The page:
How did you get started in children’s books?
I’m a freelance journalist, and I’ve always done a lot of writing for magazines and newspapers. But when my son was born I began reading more and more children’s books—and I began to think about writing one, myself. I was doing research about how kids learn to read and I was intrigued by the notion that if kids can “touch and feel the letters,” (kinesthetic learning) – that can help some kids learn to read. And I wondered, what if a child could make “things” from letters, things that came to life? And that’s exactly what happens to Gabby, in my first picture book. After that, I was fortunate to meet some people at Fitzhenry & Whiteside, who also believed in that concept and thought it would make a good book.
What (or who) inspires your writing or art?
I think kids are very inspirational. There’s this whole other world that kids are part of, quite separate from the world we adults inhabit. I get really inspired by watching kids’ interactions and how they relate to one another. My son is really into baseball, and I’ve watched him and his teammates over many years—that’s what inspired my first novel, Tagged Out. Just seeing how the kids react, on and off the field. It’s so interesting—the way they talk to each other, what captures their attention and imagination. As adults we begin to lose that as we grow up, so it’s fun to go back into that world and write about it.
What was your favourite book as a child? Why?
My favourite book, which I read over and over again, is Finches’ Fabulous Furnace. It’s about a family whose house sat on a live volcano. It was this family with a fascinating secret; the way the author, Roger Drury, wrote it, was funny and accessible and just really drew me in. I have never forgotten that book.
I also read all the Enid Blyton books and the Scott Corbett books I could get my hands on when I was little. I was always the kid who left the library with a huge stack of books and then went home and just devoured them—and came back the next day for another stack!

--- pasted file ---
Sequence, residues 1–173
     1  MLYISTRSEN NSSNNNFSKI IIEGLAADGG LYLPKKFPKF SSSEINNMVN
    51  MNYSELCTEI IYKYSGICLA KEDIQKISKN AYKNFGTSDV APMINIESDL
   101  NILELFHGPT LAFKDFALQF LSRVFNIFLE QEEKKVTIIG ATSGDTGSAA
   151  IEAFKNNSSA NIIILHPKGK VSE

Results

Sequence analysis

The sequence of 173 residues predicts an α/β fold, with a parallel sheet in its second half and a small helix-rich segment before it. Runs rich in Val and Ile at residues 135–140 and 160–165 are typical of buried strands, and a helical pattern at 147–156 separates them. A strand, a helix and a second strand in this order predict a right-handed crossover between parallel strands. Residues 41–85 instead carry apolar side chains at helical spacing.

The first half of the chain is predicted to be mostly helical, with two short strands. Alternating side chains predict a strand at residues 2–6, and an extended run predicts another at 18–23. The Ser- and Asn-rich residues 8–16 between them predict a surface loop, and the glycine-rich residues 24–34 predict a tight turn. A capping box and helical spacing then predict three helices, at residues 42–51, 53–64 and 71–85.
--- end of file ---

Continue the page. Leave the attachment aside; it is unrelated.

How can teachers use your books in the classroom?
I have written teachers’ guides for Gabby and Tagged Out, which teachers can download for free from my website (www.joycegrantauthor.com), and I hope they do! Gabby has lots of applications in terms of “text-to-real-life” reading concepts, since she literally puts letters into words that become things. There are a lot of off-shoot activities that teachers can do with that concept, and some of them are in the last two pages of the book, which has literacy activities and games.
For Tagged Out, I think the big learning tool is “inclusiveness.” It’s a story about a team that is faced with a new kid who is different—he’s gay—which is something they have very little experience with. It’s new to them… meanwhile, the concept of *not* being accepted is quite new to the kid who’s gay. From his perspective, he’s wondering why these kids are sort of being jerks toward him and why they have a problem with that side of him. And the whole story is about all of them navigating this situation and learning. There are lots of applications in real life, in our social circles, where we’re faced with someone who is a bit different from our experience. So teachers can use Tagged Out to explore that, not just in terms of being gay, but just in terms of understanding and acceptance, in general. And of course, there’s a ton of baseball in Tagged Out, so it’s great for kids who also love sports, as well.
What are you looking forward to most during TD Canadian Children’s Book Week?
I’m looking forward to meeting the students and the teachers! I always learn so much from the people I meet during school presentations. Also, I’ve been to Alberta before, but it was a long time ago, so I’m looking forward to seeing the province and meeting the kids. I can’t wait! I’m taking a train to Edmonton, which is a two-day trip, so I’m sort of giving myself a “writers’ retreat” on the way out and the way home. It will give me a chance to see the countryside from the observation car and do some writing, before I jump into the Book Week activities. And during the week, I’m also going to try to meet as many booksellers as I can. They’re the ones who are making the recommendations to kids and parents—and if I can meet some of them, and chat about books—well, that is definitely something to look forward to. See you in Alberta, everyone!